Avery Dennison Corporation (NYSE:AVY) and 3M Co (NYSE:MMM) issued a joint statement in response to reports released by the Department of Justice that the office product makers voluntarily abandoned their merger transaction.
In a statement, the companies emphasized their commitment to ink the transaction, and they are working together in finding solutions to the antitrust concerns raised by the Department of Justice.
Avery Dennison Corporation (NYSE:AVY) and 3M Co (NYSE:MMM)’s statement reads, “In light of the concerns about the transactions raised by the DoJ, the companies have voluntarily withdrawn the notification and report forms filed under the Hart-Scott Rodino Act. The companies continue to believe the transaction would benefit customers and consumers. 3M and Avery are committed to working together to explore options to address the DOJ’s concerns, obtain regulatory approval, and the complete the transaction between the parties.”
3M Co. proposed to acquire Avery Dennison for $550 million in December 2011. The transaction would give the Post-It sticky notes maker an 80 percent control of the office products business, particularly the labels and sticky notes market in the United States.
When the companies announced the transaction, Avery Dennison’s CEO, Dean Scarborough expressed his belief that the merger would provide the best opportunity to maximize the value for the company’s shareholders and complement 3M’s global portfolio.
According to the DOJ, the proposed merger will lessen competition in the market. The justice department threatened to file an antitrust lawsuit against Avery Dennison Corporation (NYSE:AVY) and 3M Co (NYSE:MMM) to stop the transaction.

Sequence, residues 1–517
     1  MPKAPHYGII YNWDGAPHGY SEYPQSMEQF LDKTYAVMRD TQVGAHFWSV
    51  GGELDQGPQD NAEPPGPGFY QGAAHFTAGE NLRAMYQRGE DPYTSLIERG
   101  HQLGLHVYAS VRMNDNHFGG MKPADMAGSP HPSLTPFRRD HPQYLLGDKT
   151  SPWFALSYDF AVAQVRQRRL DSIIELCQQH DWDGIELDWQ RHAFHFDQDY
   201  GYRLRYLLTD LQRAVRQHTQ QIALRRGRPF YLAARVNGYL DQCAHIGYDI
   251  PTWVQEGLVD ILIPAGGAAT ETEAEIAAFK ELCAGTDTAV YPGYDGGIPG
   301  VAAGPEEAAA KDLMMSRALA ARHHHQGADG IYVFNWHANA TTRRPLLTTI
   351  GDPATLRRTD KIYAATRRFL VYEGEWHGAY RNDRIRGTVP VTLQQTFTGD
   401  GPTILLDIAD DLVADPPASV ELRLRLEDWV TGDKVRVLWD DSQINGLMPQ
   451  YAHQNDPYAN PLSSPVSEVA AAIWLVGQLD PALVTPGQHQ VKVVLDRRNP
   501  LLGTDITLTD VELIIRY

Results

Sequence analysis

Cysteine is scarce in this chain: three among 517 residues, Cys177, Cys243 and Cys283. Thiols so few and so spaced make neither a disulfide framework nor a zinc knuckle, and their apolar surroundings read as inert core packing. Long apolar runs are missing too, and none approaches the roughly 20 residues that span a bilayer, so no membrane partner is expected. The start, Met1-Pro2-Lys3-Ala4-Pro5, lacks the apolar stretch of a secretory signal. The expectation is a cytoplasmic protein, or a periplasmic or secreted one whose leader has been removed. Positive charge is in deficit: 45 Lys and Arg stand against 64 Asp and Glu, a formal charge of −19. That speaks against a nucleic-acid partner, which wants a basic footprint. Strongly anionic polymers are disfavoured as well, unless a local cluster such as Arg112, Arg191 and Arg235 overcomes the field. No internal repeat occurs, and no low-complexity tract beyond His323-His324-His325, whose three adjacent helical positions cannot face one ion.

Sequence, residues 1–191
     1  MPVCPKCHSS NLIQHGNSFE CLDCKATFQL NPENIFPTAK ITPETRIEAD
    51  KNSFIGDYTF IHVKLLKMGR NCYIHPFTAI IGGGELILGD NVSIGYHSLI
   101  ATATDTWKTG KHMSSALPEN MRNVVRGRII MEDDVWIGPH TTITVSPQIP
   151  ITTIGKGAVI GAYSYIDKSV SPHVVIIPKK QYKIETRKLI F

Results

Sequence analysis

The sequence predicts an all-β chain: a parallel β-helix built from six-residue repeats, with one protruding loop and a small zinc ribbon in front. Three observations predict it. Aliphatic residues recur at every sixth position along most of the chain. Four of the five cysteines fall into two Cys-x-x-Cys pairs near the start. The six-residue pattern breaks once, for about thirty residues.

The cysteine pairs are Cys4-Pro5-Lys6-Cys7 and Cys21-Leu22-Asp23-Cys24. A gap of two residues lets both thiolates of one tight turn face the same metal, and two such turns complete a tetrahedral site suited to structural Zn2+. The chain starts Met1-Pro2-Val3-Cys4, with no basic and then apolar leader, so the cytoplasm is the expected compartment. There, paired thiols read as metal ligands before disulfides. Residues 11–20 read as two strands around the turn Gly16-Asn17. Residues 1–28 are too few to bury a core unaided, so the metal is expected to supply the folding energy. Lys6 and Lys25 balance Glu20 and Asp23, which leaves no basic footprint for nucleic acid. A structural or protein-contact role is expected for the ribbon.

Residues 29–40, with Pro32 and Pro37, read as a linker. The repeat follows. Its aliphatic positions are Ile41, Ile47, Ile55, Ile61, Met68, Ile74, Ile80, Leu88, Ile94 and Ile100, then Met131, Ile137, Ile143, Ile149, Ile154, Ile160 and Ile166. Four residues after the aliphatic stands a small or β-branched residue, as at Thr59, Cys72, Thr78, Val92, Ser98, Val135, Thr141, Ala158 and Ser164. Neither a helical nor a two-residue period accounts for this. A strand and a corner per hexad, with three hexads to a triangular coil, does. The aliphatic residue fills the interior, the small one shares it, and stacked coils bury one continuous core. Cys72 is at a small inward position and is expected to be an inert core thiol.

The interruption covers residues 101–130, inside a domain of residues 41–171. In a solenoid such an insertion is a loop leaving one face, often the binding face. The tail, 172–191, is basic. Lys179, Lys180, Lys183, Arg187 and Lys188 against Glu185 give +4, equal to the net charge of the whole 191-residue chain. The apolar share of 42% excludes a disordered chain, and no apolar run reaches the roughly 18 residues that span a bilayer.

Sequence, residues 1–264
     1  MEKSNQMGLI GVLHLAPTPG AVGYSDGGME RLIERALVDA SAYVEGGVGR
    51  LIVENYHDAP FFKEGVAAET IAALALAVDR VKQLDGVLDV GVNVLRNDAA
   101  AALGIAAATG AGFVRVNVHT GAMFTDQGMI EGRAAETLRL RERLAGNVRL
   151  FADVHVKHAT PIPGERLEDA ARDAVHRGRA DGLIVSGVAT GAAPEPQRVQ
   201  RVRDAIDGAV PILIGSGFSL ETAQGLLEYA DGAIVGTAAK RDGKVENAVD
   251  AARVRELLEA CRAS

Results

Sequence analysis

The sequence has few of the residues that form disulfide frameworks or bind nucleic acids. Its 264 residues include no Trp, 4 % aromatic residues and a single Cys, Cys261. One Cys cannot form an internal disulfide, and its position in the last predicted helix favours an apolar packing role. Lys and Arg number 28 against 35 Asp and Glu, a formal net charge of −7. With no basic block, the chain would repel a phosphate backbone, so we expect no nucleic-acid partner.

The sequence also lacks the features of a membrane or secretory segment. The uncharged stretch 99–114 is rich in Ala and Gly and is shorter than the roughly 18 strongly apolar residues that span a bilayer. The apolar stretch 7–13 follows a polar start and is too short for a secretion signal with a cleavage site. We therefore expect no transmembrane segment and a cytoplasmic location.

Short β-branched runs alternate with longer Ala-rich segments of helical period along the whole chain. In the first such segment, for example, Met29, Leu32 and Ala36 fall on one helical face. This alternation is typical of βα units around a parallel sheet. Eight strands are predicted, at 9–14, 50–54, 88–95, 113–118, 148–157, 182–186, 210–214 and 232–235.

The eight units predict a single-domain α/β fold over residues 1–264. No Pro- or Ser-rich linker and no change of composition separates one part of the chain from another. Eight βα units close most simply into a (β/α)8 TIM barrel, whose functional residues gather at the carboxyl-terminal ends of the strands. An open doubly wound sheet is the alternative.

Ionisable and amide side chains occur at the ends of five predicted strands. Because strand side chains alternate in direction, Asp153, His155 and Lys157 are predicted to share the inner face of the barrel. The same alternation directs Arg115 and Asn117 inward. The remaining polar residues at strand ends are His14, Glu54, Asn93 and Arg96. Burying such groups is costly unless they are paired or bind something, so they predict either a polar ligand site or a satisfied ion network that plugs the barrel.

The justice department found in its investigation, that Avery Dennison dominated the labels business, while the sticky notes business for many years has been controlled by 3M. In 2009, a competition between the companies started when 3M entered the labels market and Avery Dennison responded by marketing its own sticky notes brand.
The DOJ stated on Tuesday, “The proposed acquisition would have substantially lessened competition in the sale of labels and sticky notes, resulting in higher prices and reduced innovation for products that millions of American consumers use every day.”
According to a report from Bloomberg, 3M is the second largest global player in the labels market after acquiring A-One Label, a Japanese office and consumer label manufacturer and distributor, in 2010.
Meanwhile, analysts from Morgan Stanley & Co. Llc. believed the collapse of the merger is not a disaster, instead it provides a short-term positive impact for 3M. The analysts “maintain that 3M is the optimal 2-way hedge at this stage, since it is a play on global IP acceleration, while minimizing downside risk.” Morgan Stanley reiterated its overweight rating for 3M stock.
During the morning trading on Wednesday, 3M stock is trading at $91.38 per share, down by o.33 percent, while Avery Dennison’s stock is up by 1.05 percent to $29.91 per share.